Henry Stern was first elected in 2016 to represent California's State Senate District 27, which straddles the Los Angeles/Ventura border. His platform emphasized his environmentalism; Stern taught environmental law at UCLA while still a policy advisor for his predecessor, Fran Pavley. His District includes Porter Ranch, the site of the devastating 2015 Aliso Canyon gas leak, and last month he introduced a bill to close the gas storage facility permanently. His bill -- SB1486 -- would also require several local and state agencies to develop a natural gas demand reduction plan by June of 2023.
In 2018, Stern lost an ADU he was renting to the Woolsey Fire. But for him, the real impact was on his family. Stern grew up in Malibu. "The real thing was evacuating my grandfather. He ended up stuck on PCH for eight hours, and then he went into the ICU, and then we lost him a few months after that." The experience informed his subsequent legislation to harden wildfire resilience and limit development in fire-prone areas.
The fire also taught Stern a political lesson that he said motivated his decision to get into the race for CD3. "So the fire is raging, and I called Sheila [Kuehl, the current Supervisor of CD3] and said, 'we've got to have a Town Hall. Because people don't know if they've lost their homes, they can't get back there to find out. And people were infuriated…and they'd also sent a bunch of the firefighters up north to Paradise, to go fight that fire, and then we needed them back here and so we got caught flat-footed. And she was sort of saying, 'you're micromanaging. This is the fire department, they're in charge of this, it doesn't make sense to do that Town Hall right now, because people are just going to be angry, and let them talk to the authorities.' And I'm like, I don't want the Fire Department doing that part. Like, I don't want to just be the guy who gets to go cut the ribbon. Somebody's who's an elected official has to be the one to do the hard meetings…
"And that ended up being a three hour meeting where we worked through problems and it was very emotional. We did it at Taft [High School] and there was a bank of news cameras and I found myself trying to manage the event. Normally, you'd give it to a staffer, but people didn't want to hear that. They didn't want the orderly, 'did you fill out your comment card?' kind of thing. But it wasn't scattered energy by the end. Because by the end of the meeting what we ended up doing was building recovery systems there, in the room."
The Aliso Canyon gas leak prompted a similar Town Hall, at a mega church, with close to 2000 in attendance. "Nosebleeds. Pets dead. And I just had to be there, be where things are broken. If the departments know you have their back, if you're willing to get in there and do that part…they'll do better when they know they're protected. They'll take more chances. If they have to face the music, and you throw them under the bus, then they're going to be cautious."
Despite his willingness to face the occasional wrath of his constituents, Stern said that actually running for office wasn't what he had in mind after he'd finished his undergraduate education at Harvard and gotten his law degree at UC Berkeley, and that politicking doesn't come naturally to him. "I wanted to write the bills. I loved policy. But then all my mentors started retiring, and I'm looking around trying to find someone else I could work for." In addition to working for Senator Pavley, Stern was also junior staff counsel to U.S. Representative Henry Waxman. Representing SD27 is Stern's first elected position. He will turn 40 on April 12 and lives in Calabasas with his wife and daughter.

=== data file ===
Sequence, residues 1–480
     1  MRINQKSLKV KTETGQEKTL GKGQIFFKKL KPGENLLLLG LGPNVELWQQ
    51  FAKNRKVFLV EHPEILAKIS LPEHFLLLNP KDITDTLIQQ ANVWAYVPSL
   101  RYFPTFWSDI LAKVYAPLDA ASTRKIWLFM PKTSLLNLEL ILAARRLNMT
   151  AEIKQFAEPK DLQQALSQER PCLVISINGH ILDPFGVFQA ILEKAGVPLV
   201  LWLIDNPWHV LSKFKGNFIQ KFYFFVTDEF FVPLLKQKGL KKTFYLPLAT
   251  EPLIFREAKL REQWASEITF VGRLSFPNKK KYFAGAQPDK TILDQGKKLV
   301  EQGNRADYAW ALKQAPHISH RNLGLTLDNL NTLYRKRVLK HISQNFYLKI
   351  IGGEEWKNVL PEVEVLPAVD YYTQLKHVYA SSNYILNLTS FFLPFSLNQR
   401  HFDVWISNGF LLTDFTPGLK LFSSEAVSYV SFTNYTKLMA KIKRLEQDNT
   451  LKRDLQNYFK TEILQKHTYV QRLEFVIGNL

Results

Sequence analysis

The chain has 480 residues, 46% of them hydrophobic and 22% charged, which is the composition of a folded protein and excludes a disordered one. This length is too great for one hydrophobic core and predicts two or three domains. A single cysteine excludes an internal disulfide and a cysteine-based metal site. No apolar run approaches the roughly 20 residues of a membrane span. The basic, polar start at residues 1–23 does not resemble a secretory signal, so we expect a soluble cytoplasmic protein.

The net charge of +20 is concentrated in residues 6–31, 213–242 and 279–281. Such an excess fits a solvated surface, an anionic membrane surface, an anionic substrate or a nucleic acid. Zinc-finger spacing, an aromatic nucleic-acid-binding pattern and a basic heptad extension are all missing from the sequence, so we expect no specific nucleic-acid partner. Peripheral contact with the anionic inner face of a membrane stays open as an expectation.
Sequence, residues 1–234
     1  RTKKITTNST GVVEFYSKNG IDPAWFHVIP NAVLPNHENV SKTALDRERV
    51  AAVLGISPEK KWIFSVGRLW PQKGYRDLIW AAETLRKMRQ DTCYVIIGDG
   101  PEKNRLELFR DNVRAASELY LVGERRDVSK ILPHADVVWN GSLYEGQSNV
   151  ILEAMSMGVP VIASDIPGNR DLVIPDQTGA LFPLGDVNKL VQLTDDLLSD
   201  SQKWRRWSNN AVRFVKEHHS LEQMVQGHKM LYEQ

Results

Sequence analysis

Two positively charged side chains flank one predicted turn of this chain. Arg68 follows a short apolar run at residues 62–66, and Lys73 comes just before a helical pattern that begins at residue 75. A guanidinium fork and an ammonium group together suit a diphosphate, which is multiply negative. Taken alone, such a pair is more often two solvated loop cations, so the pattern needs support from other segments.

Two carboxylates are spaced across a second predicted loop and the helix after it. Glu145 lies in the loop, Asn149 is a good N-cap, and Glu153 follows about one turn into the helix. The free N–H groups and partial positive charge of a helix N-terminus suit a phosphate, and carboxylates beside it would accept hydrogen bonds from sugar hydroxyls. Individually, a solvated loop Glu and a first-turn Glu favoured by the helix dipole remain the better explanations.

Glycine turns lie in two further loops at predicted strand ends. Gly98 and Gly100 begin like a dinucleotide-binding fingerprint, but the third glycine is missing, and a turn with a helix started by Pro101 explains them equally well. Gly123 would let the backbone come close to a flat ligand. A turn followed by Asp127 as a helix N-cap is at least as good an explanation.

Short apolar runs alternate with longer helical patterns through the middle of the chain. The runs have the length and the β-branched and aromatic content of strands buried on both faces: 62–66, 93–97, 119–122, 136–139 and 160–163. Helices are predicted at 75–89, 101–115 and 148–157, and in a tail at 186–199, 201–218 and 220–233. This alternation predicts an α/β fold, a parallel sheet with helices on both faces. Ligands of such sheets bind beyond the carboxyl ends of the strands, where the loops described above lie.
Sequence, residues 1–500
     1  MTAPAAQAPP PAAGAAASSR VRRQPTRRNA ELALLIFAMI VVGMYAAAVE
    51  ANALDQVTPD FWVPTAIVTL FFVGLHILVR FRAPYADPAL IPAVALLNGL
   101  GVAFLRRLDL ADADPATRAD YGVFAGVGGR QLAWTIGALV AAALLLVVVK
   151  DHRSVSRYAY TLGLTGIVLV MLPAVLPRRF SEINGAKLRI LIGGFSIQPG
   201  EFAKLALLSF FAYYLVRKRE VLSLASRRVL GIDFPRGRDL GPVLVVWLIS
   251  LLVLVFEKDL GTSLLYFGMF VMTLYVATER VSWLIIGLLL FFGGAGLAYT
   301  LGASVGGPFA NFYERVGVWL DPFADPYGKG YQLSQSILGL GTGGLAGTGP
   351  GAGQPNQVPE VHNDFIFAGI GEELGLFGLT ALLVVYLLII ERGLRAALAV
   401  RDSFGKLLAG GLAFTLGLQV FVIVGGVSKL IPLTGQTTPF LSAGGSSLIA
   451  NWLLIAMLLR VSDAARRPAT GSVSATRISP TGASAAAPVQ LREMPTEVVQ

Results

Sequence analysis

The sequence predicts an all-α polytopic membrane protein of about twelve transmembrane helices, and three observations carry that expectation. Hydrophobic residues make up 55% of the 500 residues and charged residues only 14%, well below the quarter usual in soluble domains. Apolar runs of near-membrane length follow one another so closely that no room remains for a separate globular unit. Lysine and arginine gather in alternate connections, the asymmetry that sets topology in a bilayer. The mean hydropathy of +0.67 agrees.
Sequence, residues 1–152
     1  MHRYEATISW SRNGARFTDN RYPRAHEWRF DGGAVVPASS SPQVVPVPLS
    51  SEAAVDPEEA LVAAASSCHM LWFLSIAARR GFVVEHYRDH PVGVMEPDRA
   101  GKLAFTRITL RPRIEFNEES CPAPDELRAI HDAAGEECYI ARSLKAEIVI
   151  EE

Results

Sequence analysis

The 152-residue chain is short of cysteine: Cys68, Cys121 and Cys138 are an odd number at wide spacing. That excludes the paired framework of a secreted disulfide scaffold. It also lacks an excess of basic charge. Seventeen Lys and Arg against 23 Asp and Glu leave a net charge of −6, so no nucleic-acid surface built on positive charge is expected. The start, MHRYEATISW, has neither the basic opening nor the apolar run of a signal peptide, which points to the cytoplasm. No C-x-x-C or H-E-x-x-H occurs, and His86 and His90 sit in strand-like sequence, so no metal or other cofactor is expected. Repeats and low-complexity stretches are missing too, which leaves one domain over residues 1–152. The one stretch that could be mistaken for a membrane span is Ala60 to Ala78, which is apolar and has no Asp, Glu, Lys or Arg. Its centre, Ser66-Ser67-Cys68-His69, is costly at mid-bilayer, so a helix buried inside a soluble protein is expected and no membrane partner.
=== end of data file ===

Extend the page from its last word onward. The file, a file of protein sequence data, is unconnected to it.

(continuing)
The Third Supervisorial District covers the Westside as well as parts of Los Angeles, Santa Monica, West Hollywood, Calabasas, Agoura Hills, Malibu, Westlake Village and Hidden Hills. Spanning more than 400 square miles, the district’s population is close to two million -- a number greater than the population of 13 U.S. states. The role of the Board of Supervisors is very broad and includes the adoption of an annual budget outlining the expenditures of all branches of the County on a fiscal-year basis. With the recent election of Supervisor Holly Mitchell, every current member of the Board is a woman.
In mid-December of last year, a 14 member Citizen's Commission finalized a new map of Los Angeles County's Districts -- more San Fernando Valley, less Hollywood -- which upended the ongoing race for CD3 Supervisor. Of the three candidates who had filed to run by the end of last year, just one -- former West Hollywood Mayor Lindsay Horvath -- has stayed in the race. Stern's other opponents for CD3 are Robert Hertzberg, the State Senate Majority Leader, and Craig Brill, an independent businessman. Stern filed to enter the race for CD3 in December of last year, just after the new map was finalized.
Recently, Stern has turned his attention toward homelessness, specifically the impacts of mental illness. In 2018, he initiated an audit of the funds being expended from Proposition 63, the so-called "Millionaire's Tax" passed in 2004 which was supposed to have provided funding for mental health services. The audit revealed close to $2 billion in unspent funds. Since then, voters passed Proposition 2, the "No Place Like Home" initiative, which earmarks some of those unspent funds toward permanent supportive housing. Stern acknowledged the need for permanent housing, but said he'd still like to see a less doctrinaire, more services-oriented approach when it's warranted.
" There's a housing first strategy. But I'm saying, we can't wait, and just be like, we're not moving that money until [there's housing]. But that's not [Sheila Kuehl's] approach…All this litigation has been about ' if you don't have that bed, you can't move somebody'. But my point is, let's get over this impasse over whether you can move that person or not. Are you relentlessly servicing people [on the streets]? [Is a service worker] seeing the same person 20 times over a three week period, and taking care of their SSI or making sure if their skin infection is dealt with? Keep coming back, and then [that person] will want to go into care, into drug treatment, into housing. But it's such a bureaucratic interaction right now on the street."